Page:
Tom Ross: Leaplings celebrate 1 in 4 years |

Tom Ross: Leaplings celebrate 1 in 4 years

Tom Ross

Editor’s note: Austin Johnson was identified incorrectly in the original published version of this column.

A group of people from all across Northwest Colorado gathered at a local restaurant Monday to share stories and look forward to a very merry un-birthday indeed.

"My friends always used to sing me that song from 'Alice in Wonderland' growing up," said Todd Bellio, of Craig. Bellio, a handsome bearded man who makes his living building timberframe homes, turns 12 Wednesday.

Like others at the long dining table, the anniversary of his birthday only comes around every fourth year, and it always arrives in a year that is divisible by 4. Presidential candidates always are debating when Bellio and his friends celebrate the true anniversary of his birth, and the Olympic Games always take place the summer following his Feb. 29 birthday.

Bellio, along with Tracey Rogalski, of Hayden, Susie Kleman, Will Zupan, Austin Johnson and Charles Toy all are leapers, or leaplings. Call them leap-year babies.

Technically, they only celebrate their birthday every four years when the Gregorian calendar that most of the world follows adds an extra day to the month of February.

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As a matter of practice, the leap year kids are prone to celebrating more than one birthday every 12 months — just because it's so confusing, and they can get away with it.

"I would always celebrate on (Feb.) 28 with my friends and with my family on March 1," Bellio said.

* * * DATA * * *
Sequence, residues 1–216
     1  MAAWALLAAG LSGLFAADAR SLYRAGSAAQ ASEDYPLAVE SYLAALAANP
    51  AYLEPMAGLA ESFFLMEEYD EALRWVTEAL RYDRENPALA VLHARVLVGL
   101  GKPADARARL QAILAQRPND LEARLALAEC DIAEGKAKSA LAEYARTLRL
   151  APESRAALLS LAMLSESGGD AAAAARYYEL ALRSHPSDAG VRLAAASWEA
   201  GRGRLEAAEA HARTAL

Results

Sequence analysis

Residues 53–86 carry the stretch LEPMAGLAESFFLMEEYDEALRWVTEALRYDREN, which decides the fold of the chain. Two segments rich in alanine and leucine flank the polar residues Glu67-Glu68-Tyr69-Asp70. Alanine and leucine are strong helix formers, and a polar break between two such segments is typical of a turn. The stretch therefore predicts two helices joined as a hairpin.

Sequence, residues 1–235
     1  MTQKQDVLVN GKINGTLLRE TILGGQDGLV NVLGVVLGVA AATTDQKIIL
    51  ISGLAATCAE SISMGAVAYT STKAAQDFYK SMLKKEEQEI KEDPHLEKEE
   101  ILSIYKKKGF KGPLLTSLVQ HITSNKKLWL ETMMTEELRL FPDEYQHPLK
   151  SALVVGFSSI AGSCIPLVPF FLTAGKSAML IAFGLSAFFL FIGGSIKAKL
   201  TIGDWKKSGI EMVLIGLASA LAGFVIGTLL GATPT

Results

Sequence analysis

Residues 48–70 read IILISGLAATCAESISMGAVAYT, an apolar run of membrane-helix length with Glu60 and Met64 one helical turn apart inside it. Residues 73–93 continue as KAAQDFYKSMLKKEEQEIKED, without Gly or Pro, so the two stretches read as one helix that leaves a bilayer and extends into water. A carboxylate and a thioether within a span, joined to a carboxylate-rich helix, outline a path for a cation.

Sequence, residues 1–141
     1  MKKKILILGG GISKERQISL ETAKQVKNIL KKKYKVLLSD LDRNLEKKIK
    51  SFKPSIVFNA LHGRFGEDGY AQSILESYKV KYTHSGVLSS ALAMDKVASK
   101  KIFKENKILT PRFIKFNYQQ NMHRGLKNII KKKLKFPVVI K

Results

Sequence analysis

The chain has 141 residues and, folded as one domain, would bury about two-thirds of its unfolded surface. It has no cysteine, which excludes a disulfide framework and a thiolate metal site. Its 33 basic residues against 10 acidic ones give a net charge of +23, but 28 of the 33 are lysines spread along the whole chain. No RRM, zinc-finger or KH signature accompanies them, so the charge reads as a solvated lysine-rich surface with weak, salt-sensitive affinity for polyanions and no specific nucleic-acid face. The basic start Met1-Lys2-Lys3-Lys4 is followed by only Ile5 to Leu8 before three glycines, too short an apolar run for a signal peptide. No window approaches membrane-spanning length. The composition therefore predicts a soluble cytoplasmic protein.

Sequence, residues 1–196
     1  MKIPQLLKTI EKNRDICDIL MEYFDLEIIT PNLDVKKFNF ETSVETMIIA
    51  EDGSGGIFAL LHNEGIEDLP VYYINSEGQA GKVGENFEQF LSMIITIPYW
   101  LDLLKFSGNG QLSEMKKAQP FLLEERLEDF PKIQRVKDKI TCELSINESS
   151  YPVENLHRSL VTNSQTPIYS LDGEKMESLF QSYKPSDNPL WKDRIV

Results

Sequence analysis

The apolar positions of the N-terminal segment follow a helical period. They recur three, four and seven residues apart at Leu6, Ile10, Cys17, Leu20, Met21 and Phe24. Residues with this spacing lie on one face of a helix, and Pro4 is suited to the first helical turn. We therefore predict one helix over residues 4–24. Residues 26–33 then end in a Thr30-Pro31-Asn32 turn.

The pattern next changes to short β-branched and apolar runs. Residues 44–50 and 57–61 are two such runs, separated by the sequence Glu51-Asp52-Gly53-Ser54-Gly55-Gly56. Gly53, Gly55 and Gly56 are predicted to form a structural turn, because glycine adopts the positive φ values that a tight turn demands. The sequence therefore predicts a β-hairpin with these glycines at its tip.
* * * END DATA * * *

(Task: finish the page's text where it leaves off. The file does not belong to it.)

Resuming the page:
Leaplings are very special people because they look significantly older than the number in front of their birth anniversary suggests. But other than that, they are just like you and me.

Unless you consider that Toy, who turns 4 Wednesday, went on his first date at the tender age of 3 3/4 and is eager to get his driver's license at 4.

Of course, Toy, a strapping six-footer, is celebrating 16 years on the planet Wednesday.

So why do we have a leap year? The answer is that it becomes a necessity if we don't want our calendar years to get all out of whack with the seasons and our favorite holidays throughout a period of many decades.

A leap year, with its extra day in February, allows us to mark the passing of 365 days in three of every four years when, in fact, a solar year is almost 365 days and six hours.

Without accounting for those extra six hours by adding a day to the annual calendar every four years, we'd lose our bearings before long.

A leap year jogs the calendar back in line with other celestial events, as well as our seasons and holidays.

Zupan, Johnson and Toy all are close to reaching a personal milestone this spring — they're old enough to take the driver's license exam even though they are only 4 years old. Zupan hopes to pick his license up March 8. Don't worry, he easily can see over the steering wheel.

Rogalski, who is the general manager of Go Alpine taxi service, turns 13 Wednesday and looks much younger than other women born in 1960. She said this year's crop of 4-year-olds can look forward to a confusing visit to the Department of Motor Vehicles when they pick up their licenses and the clerk goes to set the renewal date, on their birthday, and informs them there is no Feb. 29 the year their licenses are set to expire.

"I tell them to put any date they want on the license," Rogalski said with a sly smile.

To reach Tom Ross, call 970-871-4205 or email

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